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Are you holding on to something that is no longer serving you?

12 July 2022




I spent the last week skiing in the Australian alps (yes there are mountains with snow down under). Time in the mountains always give me perspective and clarity. It’s the combination of fresh air, time in nature, being in a complete state of mindfulness while skiing and spending quality time with my family without any distractions. This trip was no different and I came away with some valuable insights.


Prior to this trip (since January 2020), I’ve only had 7 days of skiing due to COVID, lock downs, travel restrictions and a knee surgery. While I am as comfortable in skis as I am walking, I was a little rusty and dealing with an uncooperative knee and was skiing like Zoolander, only able to turn perfectly in one direction. So I spent the first few days practising my turns, running drills, and getting some coaching from my ski instructor. Feeling frustrated but I persisted and continued working on my weaknesses.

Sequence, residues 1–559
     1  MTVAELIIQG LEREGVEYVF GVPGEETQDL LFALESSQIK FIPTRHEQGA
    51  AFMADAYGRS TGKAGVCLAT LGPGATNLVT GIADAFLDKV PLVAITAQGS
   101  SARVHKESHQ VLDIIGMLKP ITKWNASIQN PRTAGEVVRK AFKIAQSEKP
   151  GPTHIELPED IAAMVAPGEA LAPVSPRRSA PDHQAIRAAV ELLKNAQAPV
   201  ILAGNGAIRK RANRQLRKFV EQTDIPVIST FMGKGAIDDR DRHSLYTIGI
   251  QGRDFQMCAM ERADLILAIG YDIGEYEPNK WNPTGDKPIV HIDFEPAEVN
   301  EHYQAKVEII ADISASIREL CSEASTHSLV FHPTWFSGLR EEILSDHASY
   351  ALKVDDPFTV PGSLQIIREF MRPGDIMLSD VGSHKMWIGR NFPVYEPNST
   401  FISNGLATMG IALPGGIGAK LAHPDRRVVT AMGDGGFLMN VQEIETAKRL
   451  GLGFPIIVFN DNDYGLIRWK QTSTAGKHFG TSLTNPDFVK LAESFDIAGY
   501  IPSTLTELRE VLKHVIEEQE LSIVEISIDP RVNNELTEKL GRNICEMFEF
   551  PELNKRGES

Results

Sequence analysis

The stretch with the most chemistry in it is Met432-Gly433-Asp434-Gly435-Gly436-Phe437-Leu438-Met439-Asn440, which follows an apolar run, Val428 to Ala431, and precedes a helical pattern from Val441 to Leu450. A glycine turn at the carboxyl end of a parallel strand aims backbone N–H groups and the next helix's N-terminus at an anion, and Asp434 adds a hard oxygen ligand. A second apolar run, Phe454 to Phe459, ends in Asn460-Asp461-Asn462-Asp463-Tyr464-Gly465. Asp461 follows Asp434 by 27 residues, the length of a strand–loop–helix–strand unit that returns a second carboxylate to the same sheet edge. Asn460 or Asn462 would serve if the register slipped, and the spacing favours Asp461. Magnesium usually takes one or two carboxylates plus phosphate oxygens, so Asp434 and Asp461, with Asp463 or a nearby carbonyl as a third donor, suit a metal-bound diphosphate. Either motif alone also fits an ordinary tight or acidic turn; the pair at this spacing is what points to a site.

In the meantime, I was waiting for a powder day to try out my new skis which I bought recently. The new skis are faster, for more advanced skiers so I was rather apprehensive to try them out given the circumstances. The snow gods delivered on the last day, and we woke up to fresh snow, and like a kid on Christmas morning I got to play with my new toy.


I was mentally prepared for more difficult turns and potential falls but to my surprise (and delight), my turns were perfect, I was in top form and charged down the mountain like I owned it with a grin from ear to ear and clocking some serious speed.


As it turns out, I had outgrown my (beginner/intermediate) skis and they was no longer serving me. I was not able to ski to my potential and capability and kept working on my “weaknesses”.


Have you ever found yourself in this situation, perhaps outgrown a role or holding on to something that is no longer serving you? What’s holding you back?


”If we did all the things we were capable of doing, we would literally astound ourselves”.
Thomas Edison
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